Ubuntu 11.10 Power Consumption Up By As Much As ~50%
Written by Michael Larabel in Ubuntu on 9 September 2011 at 09:15 AM EDT. 12 Comments
The Linux power regressions are not over. The power consumption with Ubuntu 11.04 dramatically increased due to a PCI Express Active-State Power Management change. This was after another major power regression in an earlier upstream kernel release. The Linux PCI-E ASPM support is still not improved, so the 11.04 power regression remains in Ubuntu 11.10 and other upstream Linux distributions shipping Linux 2.6.38+, but that's not all. The power situation in Ubuntu 11.10 is dramatically worsened.

When testing a clean install of Ubuntu 11.10 compared to a clean install of Ubuntu 11.04 on three different notebooks, for all three notebooks the Ubuntu 11.10 "Oneiric Ocelot" power consumption was dramatically higher.

For an Intel Core 2 Duo T9300 notebook with NVIDIA graphics, Ubuntu 11.10 is going through 10% more power on average.

For an Intel Atom 330 netbook with ION graphics, the power consumption is up by 4%.

With an Intel Sandy Bridge system, the power consumption with Ubuntu 11.10 is up by 52%. In other words, the battery life can be dramatically shortened with Ubuntu 11.10 compared to Ubuntu 11.04, not even to Ubuntu 10.10 that is on a pre-2.6.38 kernel.


And the system table...


Ubuntu 11.10 is using the Linux 3.0 kernel and not the Linux 3.1 kernel, which is drawing even more power. Changes with the Intel graphics driver are responsible for some of the power increase on the Sandy Bridge notebook, but still for the two other systems without Intel graphics, Ubuntu 11.10 only worsens the Linux power situation.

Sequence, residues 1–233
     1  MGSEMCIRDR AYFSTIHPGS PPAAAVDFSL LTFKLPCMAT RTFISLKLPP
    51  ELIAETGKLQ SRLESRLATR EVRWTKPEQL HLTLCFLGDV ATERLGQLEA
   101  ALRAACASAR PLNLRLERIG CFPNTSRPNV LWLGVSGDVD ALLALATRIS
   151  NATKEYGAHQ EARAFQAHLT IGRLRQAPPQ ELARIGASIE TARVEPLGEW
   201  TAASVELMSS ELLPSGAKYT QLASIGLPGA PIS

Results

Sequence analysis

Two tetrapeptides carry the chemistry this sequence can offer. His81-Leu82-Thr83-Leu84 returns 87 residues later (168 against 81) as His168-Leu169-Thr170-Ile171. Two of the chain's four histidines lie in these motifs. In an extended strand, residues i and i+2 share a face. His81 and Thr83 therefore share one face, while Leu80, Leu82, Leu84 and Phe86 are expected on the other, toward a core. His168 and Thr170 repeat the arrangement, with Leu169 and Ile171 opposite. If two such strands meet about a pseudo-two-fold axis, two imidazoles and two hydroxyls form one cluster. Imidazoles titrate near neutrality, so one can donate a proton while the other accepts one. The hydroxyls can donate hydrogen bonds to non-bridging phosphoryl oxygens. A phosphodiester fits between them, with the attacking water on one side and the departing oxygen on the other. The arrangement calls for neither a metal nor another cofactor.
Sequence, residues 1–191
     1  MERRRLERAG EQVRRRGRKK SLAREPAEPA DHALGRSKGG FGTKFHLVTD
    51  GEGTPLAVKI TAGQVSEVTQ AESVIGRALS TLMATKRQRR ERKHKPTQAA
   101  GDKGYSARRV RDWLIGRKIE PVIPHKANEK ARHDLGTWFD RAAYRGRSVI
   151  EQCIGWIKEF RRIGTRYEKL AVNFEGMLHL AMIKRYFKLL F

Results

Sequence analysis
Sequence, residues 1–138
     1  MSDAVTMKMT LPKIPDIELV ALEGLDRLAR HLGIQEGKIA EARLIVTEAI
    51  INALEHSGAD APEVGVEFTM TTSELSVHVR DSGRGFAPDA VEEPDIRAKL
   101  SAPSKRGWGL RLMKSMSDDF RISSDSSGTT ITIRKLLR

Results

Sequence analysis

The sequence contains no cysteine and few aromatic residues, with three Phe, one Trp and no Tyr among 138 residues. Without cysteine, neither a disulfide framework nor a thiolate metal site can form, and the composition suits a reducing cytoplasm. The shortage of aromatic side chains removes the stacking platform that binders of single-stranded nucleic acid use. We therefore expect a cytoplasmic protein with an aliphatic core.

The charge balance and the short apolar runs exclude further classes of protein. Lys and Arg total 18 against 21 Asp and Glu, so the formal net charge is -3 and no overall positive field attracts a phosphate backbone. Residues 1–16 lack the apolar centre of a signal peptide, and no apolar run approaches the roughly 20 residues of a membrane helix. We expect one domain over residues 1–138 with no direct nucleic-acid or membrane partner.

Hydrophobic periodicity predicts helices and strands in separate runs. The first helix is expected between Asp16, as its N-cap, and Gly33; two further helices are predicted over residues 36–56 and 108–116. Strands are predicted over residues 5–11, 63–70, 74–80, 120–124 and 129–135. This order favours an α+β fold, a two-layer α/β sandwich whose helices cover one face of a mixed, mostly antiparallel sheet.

More testing after Oktoberfest with a greater number of notebooks and desktops as measuring their AC power draw via the Phoronix Test Suite. The power situation won't be improved at all in Ubuntu 11.10 since there isn't any fixes/improvements upstream and anyways the Ubuntu 11.10 kernel freeze is happening next week.
About The Author
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Michael Larabel is the principal author of Phoronix.com and founded the site in 2004 with a focus on enriching the Linux hardware experience. Michael has written more than 10,000 articles covering the state of Linux hardware support, Linux performance, graphics drivers, and other topics. Michael is also the lead developer of the Phoronix Test Suite, Phoromatic, and OpenBenchmarking.org automated benchmarking software. He can be followed via Twitter or contacted via MichaelLarabel.com.

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